if the employer has a reasonable basis to believe custom name remy martin cognac full printing shirt that the injured or ill employee may be identified from the records even though the employee’s name has been removed.
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with access to the records could disclose the information to the general public, OSHA does not believe that this risk is sufficient to justify restrictions on the use of the records by persons granted access under sections 1904.40 and 1904.35. custom name remy martin cognac full printing shirt As discussed in the following section, strong policy and legal considerations militate against placing restrictions on employees’ and employee representatives’ use of the injury and illness information. OSHA historically has recognized that the Log and Incident Report may contain information of a sufficiently intimate and personal nature that a reasonable person would wish it to remain confidential. In its 1978 records access regulation (29 CFR 1910.1020), OSHA addressed the privacy implications of its decision to grant employee access to the Log.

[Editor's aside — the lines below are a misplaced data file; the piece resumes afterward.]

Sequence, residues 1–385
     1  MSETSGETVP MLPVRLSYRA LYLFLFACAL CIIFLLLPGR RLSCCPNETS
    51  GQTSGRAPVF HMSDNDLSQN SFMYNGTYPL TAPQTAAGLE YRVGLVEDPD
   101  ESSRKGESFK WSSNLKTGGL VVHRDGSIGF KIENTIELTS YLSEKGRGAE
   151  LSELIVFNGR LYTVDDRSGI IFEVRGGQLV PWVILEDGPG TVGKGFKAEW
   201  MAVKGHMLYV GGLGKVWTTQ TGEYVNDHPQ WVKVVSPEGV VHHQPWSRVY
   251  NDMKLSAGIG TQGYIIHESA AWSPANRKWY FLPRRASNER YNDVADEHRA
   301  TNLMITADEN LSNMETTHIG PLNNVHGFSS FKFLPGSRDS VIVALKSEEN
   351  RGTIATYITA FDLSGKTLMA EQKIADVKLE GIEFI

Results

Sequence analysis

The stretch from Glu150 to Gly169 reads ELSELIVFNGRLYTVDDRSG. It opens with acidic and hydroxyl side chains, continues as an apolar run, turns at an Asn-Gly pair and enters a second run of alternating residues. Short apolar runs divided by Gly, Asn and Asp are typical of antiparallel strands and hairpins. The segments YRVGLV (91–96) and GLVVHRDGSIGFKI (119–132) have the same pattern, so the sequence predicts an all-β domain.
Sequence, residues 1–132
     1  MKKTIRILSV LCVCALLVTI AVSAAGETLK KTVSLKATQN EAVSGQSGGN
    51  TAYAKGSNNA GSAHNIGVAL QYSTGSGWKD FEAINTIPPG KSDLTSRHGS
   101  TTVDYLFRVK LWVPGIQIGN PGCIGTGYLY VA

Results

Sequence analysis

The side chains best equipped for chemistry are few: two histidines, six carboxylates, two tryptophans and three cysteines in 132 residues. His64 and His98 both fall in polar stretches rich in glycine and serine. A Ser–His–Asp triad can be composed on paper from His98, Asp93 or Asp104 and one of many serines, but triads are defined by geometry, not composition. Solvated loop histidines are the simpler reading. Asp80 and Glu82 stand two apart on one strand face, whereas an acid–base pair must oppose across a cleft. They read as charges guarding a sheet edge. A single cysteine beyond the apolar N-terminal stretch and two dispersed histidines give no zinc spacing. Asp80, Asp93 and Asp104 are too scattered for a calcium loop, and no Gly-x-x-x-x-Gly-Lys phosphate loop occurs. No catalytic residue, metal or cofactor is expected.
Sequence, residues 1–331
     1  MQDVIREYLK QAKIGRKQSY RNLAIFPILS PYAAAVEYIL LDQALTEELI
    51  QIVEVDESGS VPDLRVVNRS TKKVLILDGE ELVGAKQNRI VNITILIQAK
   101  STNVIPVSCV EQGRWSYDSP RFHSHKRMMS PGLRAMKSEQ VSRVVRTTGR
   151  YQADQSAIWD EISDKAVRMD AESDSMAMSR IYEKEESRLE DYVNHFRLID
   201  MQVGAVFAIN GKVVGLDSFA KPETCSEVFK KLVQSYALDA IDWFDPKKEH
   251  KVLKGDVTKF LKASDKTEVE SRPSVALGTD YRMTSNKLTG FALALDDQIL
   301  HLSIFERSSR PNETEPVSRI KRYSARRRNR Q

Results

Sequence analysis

The agency noted that while Log entries are intended to be brief, they may contain medical information, including diagnoses of specific illnesses, and that disclosure to other employees, former employees or their representatives raised a sensitive privacy issue. 43 FR . However, OSHA concluded that disclosure of the Log to current and former employees and their representatives benefits these employees generally by increasing their awareness and understanding of the health and safety hazards to which they are, or have been, exposed. OSHA found that this knowledge “will help employees to protect themselves from future occurrences,” and that “n such cases, the right of privacy must be tempered by the obvious exigencies of informing employees about the effects of workplace hazards.” Id. at 31327, 31328. The employer may take additional action in privacy concern cases if warranted. Paragraph 1904.29 allows the employer to use discretion in describing the nature of the injury or illness in a privacy concern case,